Female? Check. Working professional? Sure. Ambitious too? Listen up, gurl: you need to grow out of these bad habits – pronto.
5 Things Female Professionals Need To Stop Doing, Like, Right Now
1. Perpetuating Double Standards
We all grew up in the same society. Unconscious bias isn’t limited to men; we, too, harbor preferences and discriminatory opinions. Just because you are female does not mean you are incapable of sexism.
Don’t believe me? It’s well known that men tend to speak over women much more than members of their own sex in the workplace. But were you aware that this pattern extends to females too? Women are much more likely to interrupt other women than men – and who can blame them? It’s how we’ve been taught to operate since birth.
Mind your own bias in the workplace. That manager isn’t ‘bossy’ or a ‘bitch’; she’s your boss. That guy isn’t crying ‘like a girl.’ He’s just crying. Fighting sexism at work means combatting your own preconceptions too.
2. Killing Them Softly
No, we don’t mean swerving from swears – although your mama would probably have words for you on that one.
Too often at work, we tiptoe around what we actually mean. While both sexes are capable of this behavior, it’s women who most frequently couch communications in apologetic language. While there’s nothing wrong with being friendly and cooperative in a work environment, taking the subservient road can make you look weak. After all, if you don’t value your opinions then no-one else will.
Don’t think you’re guilty? How many times a day do you use the following:
“I just wanted to let you know…”
“It might not be important but…”
“Just checking whether or not…”
“Sorry to interrupt…”
‘I was wondering…”
We’re not saying be blunt, but do be direct. If you think the blue design is better than the yellow, say so. Give your feedback – generously and constructively – and bow out. Also, beware of emojis and the exclamation marks. They’re generally used more by women than men to mitigate potential conflict in the same way the above phrases do. While this isn’t inherently bad, you may wish to question whether it’s truly necessary.
3. Doing Good Work Quietly
We all know what ‘mansplaining’ means, so I’m gonna guess ‘bropropriation’ won’t cause you many problems. Correctamundo: it’s a term widely used for a workplace phenomenon whereby men take credit for the work of more talented ladies.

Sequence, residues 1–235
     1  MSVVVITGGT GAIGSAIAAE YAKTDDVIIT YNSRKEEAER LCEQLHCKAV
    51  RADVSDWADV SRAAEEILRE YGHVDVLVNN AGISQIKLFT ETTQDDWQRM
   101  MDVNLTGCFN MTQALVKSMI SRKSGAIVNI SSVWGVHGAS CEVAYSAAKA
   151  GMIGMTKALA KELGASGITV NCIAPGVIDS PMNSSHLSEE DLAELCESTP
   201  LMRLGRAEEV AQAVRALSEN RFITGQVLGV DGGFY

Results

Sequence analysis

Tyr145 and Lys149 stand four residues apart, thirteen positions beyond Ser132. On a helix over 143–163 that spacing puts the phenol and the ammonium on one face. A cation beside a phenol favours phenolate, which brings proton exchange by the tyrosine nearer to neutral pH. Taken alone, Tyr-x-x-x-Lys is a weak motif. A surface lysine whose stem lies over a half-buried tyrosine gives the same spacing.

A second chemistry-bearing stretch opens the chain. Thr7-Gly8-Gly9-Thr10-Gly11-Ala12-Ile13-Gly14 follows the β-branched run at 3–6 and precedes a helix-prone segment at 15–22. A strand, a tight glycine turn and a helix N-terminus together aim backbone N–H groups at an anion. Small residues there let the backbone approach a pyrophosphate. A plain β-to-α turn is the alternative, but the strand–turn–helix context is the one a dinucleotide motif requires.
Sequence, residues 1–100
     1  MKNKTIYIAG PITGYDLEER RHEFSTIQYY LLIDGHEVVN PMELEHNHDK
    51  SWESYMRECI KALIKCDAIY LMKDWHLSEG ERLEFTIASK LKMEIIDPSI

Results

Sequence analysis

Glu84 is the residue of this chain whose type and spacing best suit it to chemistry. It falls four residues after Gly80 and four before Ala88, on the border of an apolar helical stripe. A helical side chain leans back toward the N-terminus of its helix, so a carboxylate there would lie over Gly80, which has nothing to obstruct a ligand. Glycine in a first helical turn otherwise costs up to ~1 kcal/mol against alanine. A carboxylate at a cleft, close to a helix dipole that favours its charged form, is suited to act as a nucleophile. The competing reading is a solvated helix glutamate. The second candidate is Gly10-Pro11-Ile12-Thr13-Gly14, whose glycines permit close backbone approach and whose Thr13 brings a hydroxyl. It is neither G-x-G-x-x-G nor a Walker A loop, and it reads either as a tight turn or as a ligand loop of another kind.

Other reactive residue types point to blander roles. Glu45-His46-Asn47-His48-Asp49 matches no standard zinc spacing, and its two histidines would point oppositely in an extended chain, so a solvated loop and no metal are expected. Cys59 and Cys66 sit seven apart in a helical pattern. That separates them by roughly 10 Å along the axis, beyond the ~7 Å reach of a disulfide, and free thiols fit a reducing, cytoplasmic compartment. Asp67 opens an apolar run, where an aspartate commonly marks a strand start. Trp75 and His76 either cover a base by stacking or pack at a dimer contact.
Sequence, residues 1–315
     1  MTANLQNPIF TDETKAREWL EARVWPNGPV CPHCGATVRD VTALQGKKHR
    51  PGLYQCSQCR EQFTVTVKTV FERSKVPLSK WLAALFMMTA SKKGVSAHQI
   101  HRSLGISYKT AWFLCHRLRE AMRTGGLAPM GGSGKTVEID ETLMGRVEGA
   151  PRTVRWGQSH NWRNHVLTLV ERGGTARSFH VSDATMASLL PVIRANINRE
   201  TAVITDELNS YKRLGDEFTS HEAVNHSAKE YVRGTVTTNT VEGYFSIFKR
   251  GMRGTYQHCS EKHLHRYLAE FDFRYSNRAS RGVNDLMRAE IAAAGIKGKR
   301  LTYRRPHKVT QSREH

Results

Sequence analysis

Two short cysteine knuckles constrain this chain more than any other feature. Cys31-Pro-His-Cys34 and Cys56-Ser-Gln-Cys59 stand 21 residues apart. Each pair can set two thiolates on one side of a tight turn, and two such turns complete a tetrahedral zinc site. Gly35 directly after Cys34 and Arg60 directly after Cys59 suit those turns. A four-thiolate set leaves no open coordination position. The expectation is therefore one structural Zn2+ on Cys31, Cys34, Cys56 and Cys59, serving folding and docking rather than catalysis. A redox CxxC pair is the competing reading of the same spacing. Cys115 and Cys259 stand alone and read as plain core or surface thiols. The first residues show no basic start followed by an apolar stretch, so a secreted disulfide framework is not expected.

On a general level, women are more likely to work hard for little credit let others take the credit for their work. A 2015 study found that women who co-authored academic papers with men were statistically less likely to receive due credit and tenure for their efforts. And we all know the office workhorse who stays after hours, delivers huge numbers and never gets a raise; in most cases, that employee is a she.
We’re not saying be pushier than a helicopter parent in exam season. But don’t let your good work go under the radar. Take credit for your efforts, ask for that pay rise and make it clear you won’t be ‘forgotten’ in the running for that promotion.
4. Allowing a Man to Pay for You on a (Heteronormative) Date
Okay, not strictly a professional qualm, but oh my goodness how is this still a thing? Stop it. Now.
You have a job. You earn money. Presumably, you are capable of supporting yourself. Why on earth should you allow a person of roughly equivalent social status to pay for you on a date? Unless this person is truly well-off and you’re barely making ends meet, there is no logical reason in our enlightened, gender-equal society (ha!) that you shouldn’t be paying your way.
“But he asked me on a date,” you cry, “and he chose the place!”
You are a self-respecting adult. If you’re not willing to spend money eating out with a particular person, don’t agree to do so. Similarly, don’t agree to visit a restaurant that you can’t afford. It’s basic common sense.
Hate gender double standards? Stop profiting from the ‘chivalrous’ traditions that perpetuate them.
5. Feeding the World
Everyone likes baking – boy or girl, woman or man. Problem is, the common-or-garden brownie actually carries a humungous socio-political charge. Remember when Hilary Clinton wondered whether she should have stayed home and baked cookies?
There’s been plenty about this already published on the internet. As Ellen Lubin-Sherman, a New York-based business coach, claims in one Forbes essay: “Baking cookies or bringing in treats does nothing but demonstrate your femininity. It sends mixed messages about your performance and can do serious damage to your reputation and gravitas. The next thing you know, you’ll be donning an apron.” Yowza.
While Lubin-Sherman’s view is sorta old-fashioned – after all, there’s nothing wrong with an apron – it’s worth taking note. While nobody’s going to block your promotion on account of a tray bake, there’s a potential dark side to those weekend blondies. If your authority in the office is less than solid and you’re struggling to be taken seriously, establishing yourself as a ‘nurturer’ probably isn’t the way to do it. Just think about it first.
Guilty of any of these behaviors? You and me both, friend. Now put your nose to the grindstone and sort them out before they sort you.
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